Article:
The N.F.L. will play Super Bowl LVIII in Las Vegas, cementing the league’s entry into a city that for decades it kept at arm’s length because of its association with sports gambling.
The announcement, which the league made at its quarterly owners meeting Wednesday, would have produced scrutiny and surprise just a few years ago because of the N.F.L.’s long-held opposition to betting on games, and the many rules which prohibited players and league personnel from being associated with casinos.
But in the last four years, the N.F.L.’s icy approach to the city has quickly melted.
In 2017, the league’s owners voted 31-1 to allow the Raiders’ move to Las Vegas from Oakland. Though some owners were reluctant to remove a team from the highly lucrative California market, they were persuaded by officials in Clark County, Nev., who paid $750 million in construction costs for a new stadium right off the Strip.
They also rightly anticipated that the following year, 2018, the Supreme Court would strike down a nearly three-decade old law that prohibited the rest of the United States from having sports gambling operations. The decision opened the floodgates, with the league and teams signing deals with sports gambling-related businesses including casinos and betting apps.
The league had planned to host the draft in Las Vegas in 2020, but the event was pushed back two years to April 2022 because of the coronavirus pandemic. (The league hosted an entirely virtual event in 2020 and the draft moved to Cleveland this year.)
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In February, the N.F.L. will play the Pro Bowl in Las Vegas, as well.
Awarding the Super Bowl to Las Vegas, though, is the biggest signal yet that the league embraced not only the so-called Sin City but has lost most of its inhibitions about sports gambling.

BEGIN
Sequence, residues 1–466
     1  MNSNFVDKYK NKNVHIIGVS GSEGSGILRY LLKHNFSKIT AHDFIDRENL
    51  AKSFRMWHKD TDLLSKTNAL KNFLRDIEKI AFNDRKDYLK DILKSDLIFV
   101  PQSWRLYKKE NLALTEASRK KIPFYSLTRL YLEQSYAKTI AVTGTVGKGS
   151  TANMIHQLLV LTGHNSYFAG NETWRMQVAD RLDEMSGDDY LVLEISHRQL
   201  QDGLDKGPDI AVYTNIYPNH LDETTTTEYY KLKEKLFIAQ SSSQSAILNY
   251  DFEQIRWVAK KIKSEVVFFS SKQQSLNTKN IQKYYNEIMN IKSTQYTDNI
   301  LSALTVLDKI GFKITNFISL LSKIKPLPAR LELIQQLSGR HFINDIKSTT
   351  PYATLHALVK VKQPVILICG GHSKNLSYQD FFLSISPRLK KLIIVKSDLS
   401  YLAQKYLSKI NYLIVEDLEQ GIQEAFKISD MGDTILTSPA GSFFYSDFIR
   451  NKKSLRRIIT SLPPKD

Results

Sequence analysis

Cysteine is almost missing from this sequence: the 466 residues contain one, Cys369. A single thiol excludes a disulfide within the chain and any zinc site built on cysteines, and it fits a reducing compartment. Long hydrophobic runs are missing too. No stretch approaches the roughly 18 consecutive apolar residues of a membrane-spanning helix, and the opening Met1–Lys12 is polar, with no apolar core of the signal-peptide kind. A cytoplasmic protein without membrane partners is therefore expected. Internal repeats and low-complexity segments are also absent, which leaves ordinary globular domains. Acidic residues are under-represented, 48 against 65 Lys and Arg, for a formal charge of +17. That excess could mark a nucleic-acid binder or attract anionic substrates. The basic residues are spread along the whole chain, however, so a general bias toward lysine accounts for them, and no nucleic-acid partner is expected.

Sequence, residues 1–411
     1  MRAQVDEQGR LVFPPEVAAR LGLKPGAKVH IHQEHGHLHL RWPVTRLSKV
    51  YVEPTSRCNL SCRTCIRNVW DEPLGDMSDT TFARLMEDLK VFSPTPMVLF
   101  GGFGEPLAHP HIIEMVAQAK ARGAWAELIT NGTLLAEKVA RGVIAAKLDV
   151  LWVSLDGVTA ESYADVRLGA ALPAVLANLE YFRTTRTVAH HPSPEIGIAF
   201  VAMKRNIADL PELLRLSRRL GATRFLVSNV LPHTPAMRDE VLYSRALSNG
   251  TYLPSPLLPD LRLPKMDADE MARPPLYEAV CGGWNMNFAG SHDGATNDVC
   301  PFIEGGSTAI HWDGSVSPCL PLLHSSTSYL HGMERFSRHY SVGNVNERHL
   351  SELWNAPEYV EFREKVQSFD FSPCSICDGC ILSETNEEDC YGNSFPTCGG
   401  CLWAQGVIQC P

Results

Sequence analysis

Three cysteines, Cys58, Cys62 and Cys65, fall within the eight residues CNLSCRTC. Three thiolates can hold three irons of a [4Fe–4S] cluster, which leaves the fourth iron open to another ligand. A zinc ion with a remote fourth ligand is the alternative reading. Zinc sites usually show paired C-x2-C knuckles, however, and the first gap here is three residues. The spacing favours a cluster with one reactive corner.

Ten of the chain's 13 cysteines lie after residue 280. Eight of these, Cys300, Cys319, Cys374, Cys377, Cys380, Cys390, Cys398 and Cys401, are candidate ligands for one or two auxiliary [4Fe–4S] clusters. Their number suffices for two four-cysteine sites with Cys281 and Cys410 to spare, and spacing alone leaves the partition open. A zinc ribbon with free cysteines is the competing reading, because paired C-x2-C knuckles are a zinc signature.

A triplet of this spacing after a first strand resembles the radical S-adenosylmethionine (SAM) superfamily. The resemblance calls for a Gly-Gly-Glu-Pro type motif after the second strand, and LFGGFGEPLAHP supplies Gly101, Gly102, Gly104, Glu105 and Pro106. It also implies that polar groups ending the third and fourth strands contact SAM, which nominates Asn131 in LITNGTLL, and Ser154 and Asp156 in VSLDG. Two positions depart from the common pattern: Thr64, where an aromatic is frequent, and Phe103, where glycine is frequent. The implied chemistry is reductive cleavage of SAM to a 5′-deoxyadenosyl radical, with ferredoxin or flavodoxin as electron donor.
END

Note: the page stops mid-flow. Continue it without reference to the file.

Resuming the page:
“It’s a big day for the Raiders. It’s a big day for Las Vegas,” said Mark Davis, the owner of the Raiders. “I’d say it’s a marriage made in heaven.”
The N.F.L. often awards Super Bowls to teams and cities that build new stadiums. In recent years, the Super Bowl has been held in Atlanta and Minneapolis in stadiums that the Falcons and Vikings had newly built.
The Raiders, too, play in a new home, Allegiant Stadium, which opened last year. But given that the league once handled the city with proverbial kid gloves, awarding it with a Super Bowl amounts to a full-throated embrace.
Beyond the gambling stigma, the city is one of the most appealing to the N.F.L. for hosting the Super Bowl. The weather in Las Vegas is likely to be sunny and warm in February, there are more than enough hotel rooms and restaurants to meet the league’s needs, and the city’s airport can handle the surge in traffic from visitors.
Many of the 150,000 hotel rooms in Las Vegas are typically booked on Super Bowl weekend. But with the game being played in town, room rates will rise. There is also an entire week of events leading up to the game. Steve Hill, the chief executive of the Las Vegas Convention and Visitors Authority, said the higher room rates and additional bookings should generate an additional $70 million in state and local taxes.
Allegiant Stadium, which seats about 65,000 fans, might need to be expanded a bit to meet league requirements. But that is a minor detail considering that four years ago, team owners would have scoffed at the thought of the N.F.L. playing its most watched game in the city.